It was this ‘scene setting’ interest of mine that led me to vintage Sindy and where this story started. It’s hard to find interesting 1/6th scale accessories at a good price and Sindy popped up on my eBay search. There she was in all her glory, surrounded by her ‘scene setting’ accessories.
Kruselings are 1/6th scale so I’m hoping that Sindy accessories will fill the gap (I currently have my eye on her yellow scooter). When I finally get to buy at a reasonable price then I shall let you know.
Knitting for small dolls which are 1/6th scale, such as 9” Kruselings, 8” MiniAmigas and 11½” Barbies, is a very good way of using up leftover (or abandoned) yarn from knit or crochet projects. If you’ve ever knitted then it’s very likely you’ll have some wool at the back of a drawer or cupboard. The projects shown in this post use anything between 5 and 10 grams of double knit yarn. To give an idea of how much that is, the photo below shows 2 balls that together weigh 9.47 grams.
I recently rediscovered knitting, finding it to be a great way of not using my iPad of an evening while watching (or listening to) the TV. I can listen quite easily and with the summer months spent mainly outside in the garden, I got completely hooked on listening to audio books. Consuming books though earbuds completely eliminated any guilt I would have had if I’d sat, reading a hard copy. Anyway, if my garden needs tidying, I can’t sit out there to enjoy a book when I see the jobs that need doing.
So I started with the leftover yarn in my knitting bag and played around for hours trying to work out the best way to knit a small doll’s jumper. I didn’t have a pattern and eventually (thanks to YouTube) I’d worked out how to knit in-the-round. That was a complete game changer for me as I’d always knitted separate pieces and sewn them together. That’s fine for human size pieces but I was attempting 1/6th scale, first with double-knit yarn and then with three-ply crochet thread.
I progressed to knitting in-the-round from the hem up to the neck, followed by picking up stitches for the sleeves and then knitting those in-the-round. It looked OK, but it wasn’t the look that I was after. I didn’t want sleeves that stuck out at right angles from the shoulders, like the photo shown below.
I recalled how Fair Isle sweaters were knit from the neck down and so next I set about attempting this instead. There was plenty of trial and error before I worked out how best to increase neatly in stages. Once I had figured out the amount of stitches needed at the neck and then the body, I worked out when to increase and what to do for the sleeves. By this point I had lots of hand-written notes so I could remember what I had done, rather like an experiment but not so formal.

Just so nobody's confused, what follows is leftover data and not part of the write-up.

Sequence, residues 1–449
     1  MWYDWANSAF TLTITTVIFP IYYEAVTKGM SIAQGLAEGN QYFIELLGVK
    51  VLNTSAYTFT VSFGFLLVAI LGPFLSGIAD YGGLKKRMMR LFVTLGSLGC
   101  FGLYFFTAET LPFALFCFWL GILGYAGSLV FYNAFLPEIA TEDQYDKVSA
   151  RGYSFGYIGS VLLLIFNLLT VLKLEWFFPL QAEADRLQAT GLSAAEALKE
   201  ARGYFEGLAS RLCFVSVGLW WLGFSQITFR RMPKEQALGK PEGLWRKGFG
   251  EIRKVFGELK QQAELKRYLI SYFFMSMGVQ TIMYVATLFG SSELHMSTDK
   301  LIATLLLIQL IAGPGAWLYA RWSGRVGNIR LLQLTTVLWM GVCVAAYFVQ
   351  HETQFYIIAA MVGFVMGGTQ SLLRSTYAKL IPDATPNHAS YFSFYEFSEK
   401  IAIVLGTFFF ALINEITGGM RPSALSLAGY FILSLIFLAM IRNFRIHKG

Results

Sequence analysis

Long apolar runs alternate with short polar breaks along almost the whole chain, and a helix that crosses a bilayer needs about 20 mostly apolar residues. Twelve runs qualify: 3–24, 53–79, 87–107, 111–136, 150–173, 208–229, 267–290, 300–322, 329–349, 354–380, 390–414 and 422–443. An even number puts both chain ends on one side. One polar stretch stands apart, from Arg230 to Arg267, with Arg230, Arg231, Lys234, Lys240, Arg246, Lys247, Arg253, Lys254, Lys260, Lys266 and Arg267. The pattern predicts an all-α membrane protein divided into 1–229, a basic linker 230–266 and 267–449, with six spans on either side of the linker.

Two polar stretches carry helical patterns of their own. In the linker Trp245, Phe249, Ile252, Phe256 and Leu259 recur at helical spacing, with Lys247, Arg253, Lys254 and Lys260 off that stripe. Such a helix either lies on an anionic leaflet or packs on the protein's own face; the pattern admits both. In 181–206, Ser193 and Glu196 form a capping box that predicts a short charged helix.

After several attempts, my experiment was complete and I had knitted my doll’s jumper with long sleeves in both double-knit yarn and 3-ply thread. I then used the same technique to knit a longer jumper for my Kruselings, followed by short sleeved versions. My mind was dizzy with all the possible variations.
Then I adapted the pattern to make a doll’s cardigan for knitting on two needles, with knitting in-the-round for the sleeves only. Doing this in both double-knit yarn and 3-ply thread, it showed me how different yarn affects the sizing. This can be seen in the photo below.
Here’s how knitting the dress version compares in double knit and 3 ply thread.
Unable to find a suitably sized knitting pattern for a basic jumper or cardigan (that fitted sixth scale dolls) I typed up all my notes, knitted everything again taking pictures of my knitting and created two knitting patterns. I’m happy to say that these are available to purchase as a pdf download from my website.
If you fancy having a go at reducing your knitting scraps and knitting for small dolls, then here’s the amount needed to get started;
3-Ply Decorative Thread
Long Sleeve Cardigan or Jumper – 7 grams
Short Sleeve Jumper – 5 grams
Tunic Dress Long Sleeves – 9 grams
Long Sleeve Cardigan or Jumper – 9 grams
Short Sleeve Jumper – 7 grams
Tunic Dress Short Sleeves – 11 grams
It’s hard to judge the amount of wool needed but I had already invested in pocket weighing scales. These are perfect for knowing what my finished garments weigh for postage costs but now they also weigh my wool!
If you don’t fancy knitting for your own small size, 1/6th scale doll then please take a peek at the knitwear in my shop, listed in the Separates category. I’m delighted that what started as a way of not using my iPad in the evenings has ultimately produced the content for two basic knitting patterns, one for a dress/jumper and another for a cardigan. Even more delighted was I when I realised my creations also fitted Barbie, which makes my knitting pattern quite versatile.